As seen on AZoBuild. 

Green building and sustainability as it is being incorporated into the health care industry’s construction projects is the focus of a new study by McGraw-Hill Construction (MHC) that has just been released in conjunction with report sponsors Johns Manville, Turner Construction Company and the U.S. Green Building Council. The Health Care Green Building SmartMarketTM Report, was published and made available to the public on June 14, 2007.

The landmark study is the seventh report in a comprehensive series and is based on detailed research that was released just last month. The findings of this report confirm the increasing trend in green building within the $23.7 billion health care market, which is the fourth largest commercial construction sector behind education, office and retail construction respectively. The findings of the Health Care Green Building SmartMarketTM Report show that:
• 60% of respondents think green will transform the way health care buildings are designed and constructed.
• 19% of study respondents expect their organization will be significantly involved with green building in 2008, more than triple the level for 2007.
• 64% perceive more than 10% energy savings from green building.

“Given that creating improved well-being is the overall mission of the healthcare industry, we are pleased to see evidence that the industry is aligning with green building practices. In the latest study, 91% of the respondents report improved medical facility staff and patient health and well-being as the most important reason for building green,” Stated Harvey M. Bernstein, vice president of Industry Analytics, Alliances and Strategic Initiatives for McGraw-Hill Construction. “Our SmartMarketTM Reports show further evidence of the growing trend toward green, and also point out the uniqueness of each market. These findings allow us to be strategic in how we can work toward encouraging the sea of change,” said Bernstein.

The Health Care Green Building SmartMarketTM Report also found the following:
• Internal management and designers/architects have the most influence on health care organizations going green.
• 66% do not think energy reductions are the only reason to go green.
• 57% see lack of information on green to be the largest obstacle, making it the leading challenge.
• Perception remains that green is costly and doesn’t have ROI benefits despite evidence to the contrary.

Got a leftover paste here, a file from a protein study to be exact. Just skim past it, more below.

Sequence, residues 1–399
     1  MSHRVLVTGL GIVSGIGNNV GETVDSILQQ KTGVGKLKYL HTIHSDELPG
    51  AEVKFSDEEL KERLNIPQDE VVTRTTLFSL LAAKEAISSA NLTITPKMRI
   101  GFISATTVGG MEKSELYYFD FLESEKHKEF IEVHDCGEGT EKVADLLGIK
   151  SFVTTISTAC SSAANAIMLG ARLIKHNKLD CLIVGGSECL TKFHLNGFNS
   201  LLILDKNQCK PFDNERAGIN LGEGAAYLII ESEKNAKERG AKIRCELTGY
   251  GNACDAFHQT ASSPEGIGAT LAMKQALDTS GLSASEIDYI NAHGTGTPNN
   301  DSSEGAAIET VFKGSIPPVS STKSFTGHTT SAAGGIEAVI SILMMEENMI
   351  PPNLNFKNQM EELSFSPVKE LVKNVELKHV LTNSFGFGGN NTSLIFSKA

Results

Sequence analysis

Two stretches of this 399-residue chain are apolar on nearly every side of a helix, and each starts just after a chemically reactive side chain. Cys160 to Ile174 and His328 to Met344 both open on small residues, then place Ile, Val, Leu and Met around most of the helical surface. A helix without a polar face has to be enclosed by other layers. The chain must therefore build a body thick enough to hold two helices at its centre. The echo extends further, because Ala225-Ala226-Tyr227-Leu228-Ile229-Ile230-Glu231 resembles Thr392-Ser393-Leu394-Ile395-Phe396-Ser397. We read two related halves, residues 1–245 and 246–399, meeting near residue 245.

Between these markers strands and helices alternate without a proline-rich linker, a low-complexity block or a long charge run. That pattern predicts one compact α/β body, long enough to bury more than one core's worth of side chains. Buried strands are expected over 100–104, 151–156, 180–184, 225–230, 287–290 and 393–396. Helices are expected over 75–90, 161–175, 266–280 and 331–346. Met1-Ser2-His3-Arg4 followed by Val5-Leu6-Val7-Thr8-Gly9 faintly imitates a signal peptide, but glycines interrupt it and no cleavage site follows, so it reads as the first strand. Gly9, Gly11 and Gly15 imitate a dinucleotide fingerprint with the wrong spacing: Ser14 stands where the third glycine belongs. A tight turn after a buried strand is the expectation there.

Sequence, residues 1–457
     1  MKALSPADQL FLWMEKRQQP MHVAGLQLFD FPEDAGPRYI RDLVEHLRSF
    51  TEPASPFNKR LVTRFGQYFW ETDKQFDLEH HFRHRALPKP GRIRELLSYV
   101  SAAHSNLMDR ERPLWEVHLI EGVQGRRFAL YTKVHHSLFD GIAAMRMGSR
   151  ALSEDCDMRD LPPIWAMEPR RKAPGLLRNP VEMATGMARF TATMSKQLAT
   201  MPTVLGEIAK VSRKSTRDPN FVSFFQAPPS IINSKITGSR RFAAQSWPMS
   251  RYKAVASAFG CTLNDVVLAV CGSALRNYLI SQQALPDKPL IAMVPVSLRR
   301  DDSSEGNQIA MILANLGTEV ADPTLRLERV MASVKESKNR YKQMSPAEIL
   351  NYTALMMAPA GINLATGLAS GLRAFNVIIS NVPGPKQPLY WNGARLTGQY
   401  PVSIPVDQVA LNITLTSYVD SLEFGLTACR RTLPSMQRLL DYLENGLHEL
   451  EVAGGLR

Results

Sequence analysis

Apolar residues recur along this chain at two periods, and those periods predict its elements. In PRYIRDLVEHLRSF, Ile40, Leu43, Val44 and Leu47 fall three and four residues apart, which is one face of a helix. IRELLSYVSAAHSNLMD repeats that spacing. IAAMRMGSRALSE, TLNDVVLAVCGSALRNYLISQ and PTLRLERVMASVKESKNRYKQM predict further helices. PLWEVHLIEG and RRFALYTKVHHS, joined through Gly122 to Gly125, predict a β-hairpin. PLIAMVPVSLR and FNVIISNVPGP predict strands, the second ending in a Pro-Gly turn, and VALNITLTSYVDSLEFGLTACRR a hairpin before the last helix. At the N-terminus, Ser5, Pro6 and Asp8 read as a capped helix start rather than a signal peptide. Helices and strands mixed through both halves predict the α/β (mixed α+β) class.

The impact of the Green Guide for Health CareTM (GGHC) and the U.S. Green Building Council’s Leadership in Energy and Environmental DesignTM (LEED) Green Building Rating System on the market is also addressed in the Health Care Green Building SmartMarketTM Report:
• A third of respondents think lack of a specific LEED program for Health Care is an obstacle to increased green building in this sector.
• Of those who have used GGHC, 78% found it valuable, with no respondents finding it of no value.
• Of those expressing an opinion about the value of LEED, 76% thought it was valuable.

“Green buildings can have a significant impact on the health and comfort of their occupants, and nowhere is this more critical than in health care institutions,” said Rick Fedrizzi, President, CEO and Founding Chair of the U.S. Green Building Council. “Patients can clearly benefit from the natural light and cleaner, fresher air that are cornerstones of green buildings, and hospital staff benefits as well. These findings suggest health care administrators are beginning to believe in this, and to bring green building practices into their facilities, and we are pleased that our tools and programs are helping them to get there,” Fedrizzi added.

The study was based on a survey of senior healthcare and hospital administrators, collected online from January through February, 2007, with a total of 95 respondents. The qualitative findings point to underlying opinions and trends motivating and influencing green building in the healthcare construction sector. Survey respondents were geographically diverse, with nearly equal numbers urban, suburban and rural. Twenty eight percent were C-level executives.